First Lesson: Genesis 19:1-17, 23-29:
1The two angels arrived at Sodom in the evening, and Lot was sitting in the gateway of the city. When he saw them, he got up to meet them and bowed down with his face to the ground. 2“My lords,” he said, “please turn aside to your servant’s house. You can wash your feet and spend the night and then go on your way early in the morning.”
“No,” they answered, “we will spend the night in the square.”
3But he insisted so strongly that they did go with him and entered his house. He prepared a meal for them, baking bread without yeast, and they ate. 4Before they had gone to bed, all the men from every part of the city of Sodom—both young and old—surrounded the house. 5They called to Lot, “Where are the men who came to you tonight? Bring them out to us so that we can have sex with them.”
6Lot went outside to meet them and shut the door behind him 7and said, “No, my friends. Don’t do this wicked thing. 8Look, I have two daughters who have never slept with a man. Let me bring them out to you, and you can do what you like with them. But don’t do anything to these men, for they have come under the protection of my roof.”
9“Get out of our way,” they replied. “This fellow came here as a foreigner, and now he wants to play the judge! We’ll treat you worse than them.” They kept bringing pressure on Lot and moved forward to break down the door.
10But the men inside reached out and pulled Lot back into the house and shut the door. 11Then they struck the men who were at the door of the house, young and old, with blindness so that they could not find the door.
12The two men said to Lot, “Do you have anyone else here—sons-in-law, sons or daughters, or anyone else in the city who belongs to you? Get them out of here, 13because we are going to destroy this place. The outcry to the Lord against its people is so great that he has sent us to destroy it.”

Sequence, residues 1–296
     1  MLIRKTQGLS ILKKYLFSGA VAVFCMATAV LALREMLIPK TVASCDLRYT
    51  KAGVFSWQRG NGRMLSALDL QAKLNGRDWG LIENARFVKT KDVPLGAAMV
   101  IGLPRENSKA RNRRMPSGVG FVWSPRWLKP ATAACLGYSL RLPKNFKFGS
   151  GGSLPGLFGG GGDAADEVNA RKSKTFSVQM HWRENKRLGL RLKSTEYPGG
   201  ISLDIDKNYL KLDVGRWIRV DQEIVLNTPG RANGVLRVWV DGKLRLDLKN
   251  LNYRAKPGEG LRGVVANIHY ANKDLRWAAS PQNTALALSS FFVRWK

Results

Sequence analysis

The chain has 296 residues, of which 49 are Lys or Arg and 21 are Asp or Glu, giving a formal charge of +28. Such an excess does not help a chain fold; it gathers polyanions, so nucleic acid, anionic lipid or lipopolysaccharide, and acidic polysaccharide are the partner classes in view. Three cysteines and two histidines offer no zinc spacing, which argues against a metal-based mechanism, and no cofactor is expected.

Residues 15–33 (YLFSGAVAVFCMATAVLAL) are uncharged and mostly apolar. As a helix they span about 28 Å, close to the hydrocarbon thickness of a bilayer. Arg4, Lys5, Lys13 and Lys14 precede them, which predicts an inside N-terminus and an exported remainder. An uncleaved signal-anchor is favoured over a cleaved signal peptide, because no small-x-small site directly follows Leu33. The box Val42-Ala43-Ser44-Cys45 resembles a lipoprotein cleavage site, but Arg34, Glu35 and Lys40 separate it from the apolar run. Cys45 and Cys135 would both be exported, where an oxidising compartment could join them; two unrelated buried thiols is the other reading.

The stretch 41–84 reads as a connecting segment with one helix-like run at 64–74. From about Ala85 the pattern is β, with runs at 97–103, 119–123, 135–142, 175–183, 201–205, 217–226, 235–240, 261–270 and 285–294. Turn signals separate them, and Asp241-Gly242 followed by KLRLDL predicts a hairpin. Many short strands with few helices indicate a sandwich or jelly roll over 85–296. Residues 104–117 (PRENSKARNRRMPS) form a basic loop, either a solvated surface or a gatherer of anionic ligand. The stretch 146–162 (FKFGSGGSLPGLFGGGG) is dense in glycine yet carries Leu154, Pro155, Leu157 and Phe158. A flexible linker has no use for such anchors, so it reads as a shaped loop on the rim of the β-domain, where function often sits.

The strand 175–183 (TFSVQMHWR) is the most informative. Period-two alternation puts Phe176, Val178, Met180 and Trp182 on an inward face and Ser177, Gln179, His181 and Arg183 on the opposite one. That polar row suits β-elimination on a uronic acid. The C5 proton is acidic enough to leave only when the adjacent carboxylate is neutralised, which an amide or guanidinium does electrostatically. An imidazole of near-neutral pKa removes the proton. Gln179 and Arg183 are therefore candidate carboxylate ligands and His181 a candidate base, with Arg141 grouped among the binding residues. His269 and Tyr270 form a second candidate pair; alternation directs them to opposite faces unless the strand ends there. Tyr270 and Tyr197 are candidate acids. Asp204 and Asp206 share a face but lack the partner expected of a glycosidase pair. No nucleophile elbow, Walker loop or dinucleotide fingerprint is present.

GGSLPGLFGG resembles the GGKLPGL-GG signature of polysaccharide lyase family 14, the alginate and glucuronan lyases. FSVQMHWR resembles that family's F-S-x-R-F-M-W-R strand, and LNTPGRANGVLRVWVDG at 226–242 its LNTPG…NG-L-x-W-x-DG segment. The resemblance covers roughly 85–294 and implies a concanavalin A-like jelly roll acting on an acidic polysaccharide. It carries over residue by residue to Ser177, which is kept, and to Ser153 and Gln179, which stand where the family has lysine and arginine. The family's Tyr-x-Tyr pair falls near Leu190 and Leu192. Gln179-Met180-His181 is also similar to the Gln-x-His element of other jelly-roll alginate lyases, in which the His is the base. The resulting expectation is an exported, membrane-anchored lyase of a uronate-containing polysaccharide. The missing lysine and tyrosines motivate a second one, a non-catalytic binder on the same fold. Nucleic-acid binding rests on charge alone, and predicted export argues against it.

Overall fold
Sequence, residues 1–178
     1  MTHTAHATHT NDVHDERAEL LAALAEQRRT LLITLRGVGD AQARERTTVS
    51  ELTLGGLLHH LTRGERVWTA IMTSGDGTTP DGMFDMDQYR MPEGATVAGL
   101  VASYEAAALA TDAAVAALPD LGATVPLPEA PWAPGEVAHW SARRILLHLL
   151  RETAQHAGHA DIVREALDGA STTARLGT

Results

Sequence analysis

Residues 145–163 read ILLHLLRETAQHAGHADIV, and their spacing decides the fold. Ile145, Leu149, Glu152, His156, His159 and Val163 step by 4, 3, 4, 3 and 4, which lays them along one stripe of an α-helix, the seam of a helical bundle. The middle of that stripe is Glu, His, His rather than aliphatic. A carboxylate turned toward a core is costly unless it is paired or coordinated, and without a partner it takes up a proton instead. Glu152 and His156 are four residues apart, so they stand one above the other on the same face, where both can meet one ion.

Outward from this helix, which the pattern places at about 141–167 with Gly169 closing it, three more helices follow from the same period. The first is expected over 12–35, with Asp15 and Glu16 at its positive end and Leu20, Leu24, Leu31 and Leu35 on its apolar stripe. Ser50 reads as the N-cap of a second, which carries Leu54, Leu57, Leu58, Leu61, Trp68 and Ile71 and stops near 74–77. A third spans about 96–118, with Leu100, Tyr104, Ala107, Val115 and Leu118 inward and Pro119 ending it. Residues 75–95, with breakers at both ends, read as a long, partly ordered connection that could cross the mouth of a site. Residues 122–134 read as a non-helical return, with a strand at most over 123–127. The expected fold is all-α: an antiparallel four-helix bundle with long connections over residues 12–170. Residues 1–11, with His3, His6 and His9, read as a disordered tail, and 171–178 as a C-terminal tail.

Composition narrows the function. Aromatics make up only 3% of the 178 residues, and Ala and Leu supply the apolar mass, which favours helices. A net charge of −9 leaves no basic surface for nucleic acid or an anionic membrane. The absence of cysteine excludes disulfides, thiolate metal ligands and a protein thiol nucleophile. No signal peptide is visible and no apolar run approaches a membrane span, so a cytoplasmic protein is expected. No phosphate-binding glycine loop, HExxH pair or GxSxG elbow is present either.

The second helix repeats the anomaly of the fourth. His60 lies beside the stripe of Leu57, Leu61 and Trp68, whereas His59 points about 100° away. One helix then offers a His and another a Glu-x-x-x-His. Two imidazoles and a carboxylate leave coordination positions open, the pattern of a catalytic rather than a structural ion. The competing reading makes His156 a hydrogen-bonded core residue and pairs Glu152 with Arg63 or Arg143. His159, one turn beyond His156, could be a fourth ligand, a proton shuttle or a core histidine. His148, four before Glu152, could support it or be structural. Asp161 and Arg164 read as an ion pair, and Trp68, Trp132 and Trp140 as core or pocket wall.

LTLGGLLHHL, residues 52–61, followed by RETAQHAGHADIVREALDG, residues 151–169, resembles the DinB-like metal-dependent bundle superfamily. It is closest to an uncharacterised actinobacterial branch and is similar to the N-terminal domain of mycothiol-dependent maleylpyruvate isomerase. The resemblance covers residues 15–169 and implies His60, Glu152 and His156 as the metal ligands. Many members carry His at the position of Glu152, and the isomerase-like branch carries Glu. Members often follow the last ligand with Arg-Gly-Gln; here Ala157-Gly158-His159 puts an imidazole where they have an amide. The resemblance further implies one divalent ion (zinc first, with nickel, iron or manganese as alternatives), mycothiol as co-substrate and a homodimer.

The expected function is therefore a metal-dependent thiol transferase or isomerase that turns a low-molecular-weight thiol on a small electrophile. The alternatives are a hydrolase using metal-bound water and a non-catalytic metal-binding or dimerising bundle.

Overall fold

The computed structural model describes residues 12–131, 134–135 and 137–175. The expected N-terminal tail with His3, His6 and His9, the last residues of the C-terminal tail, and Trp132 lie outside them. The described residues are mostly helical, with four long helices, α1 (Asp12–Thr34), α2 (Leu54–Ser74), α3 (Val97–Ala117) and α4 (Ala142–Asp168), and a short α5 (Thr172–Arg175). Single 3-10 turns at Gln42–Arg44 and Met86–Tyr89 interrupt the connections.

14So Lot went out and spoke to his sons-in-law, who were pledged to marry his daughters. He said, “Hurry and get out of this place, because the Lord is about to destroy the city!” But his sons-in-law thought he was joking.
15With the coming of dawn, the angels urged Lot, saying, “Hurry! Take your wife and your two daughters who are here, or you will be swept away when the city is punished.”
16When he hesitated, the men grasped his hand and the hands of his wife and of his two daughters and led them safely out of the city, for the Lord was merciful to them. 17As soon as they had brought them out, one of them said, “Flee for your lives! Don’t look back, and don’t stop anywhere in the plain! Flee to the mountains or you will be swept away!”
23By the time Lot reached Zoar, the sun had risen over the land. 24Then the Lord rained down burning sulfur on Sodom and Gomorrah—from the Lord out of the heavens. 25Thus he overthrew those cities and the entire plain, destroying all those living in the cities—and also the vegetation in the land. 26But Lot’s wife looked back, and she became a pillar of salt.
27Early the next morning Abraham got up and returned to the place where he had stood before the Lord. 28He looked down toward Sodom and Gomorrah, toward all the land of the plain, and he saw dense smoke rising from the land, like smoke from a furnace.
29So when God destroyed the cities of the plain, he remembered Abraham, and he brought Lot out of the catastrophe that overthrew the cities where Lot had lived.
Psalm 25 on Page 74 in Christian Worship
To you, O Lord, I lift up my soul;
in you I trust, O my God.
Remember, O Lord, your great mercy and love,
for they are from of old.
Remember not the sins of my youth and my rebellious ways;
according to your love remember me, for you are good, O Lord.
Turn to me and be gracious to me,
for I am lonely and afflicted.
Look upon my affliction and my distress
and take away all my sins.
Guard my life and rescue me,
for I take refuge in you.
Glory be to the Father and to the Son
and to the Holy Spirit,
as it was in the beginning,
is now, and will be forever. Amen.
Second Lesson: 1 Thessalonians 3:9-13:
9How can we thank God enough for you in return for all the joy we have in the presence of our God because of you? 10Night and day we pray most earnestly that we may see you again and supply what is lacking in your faith.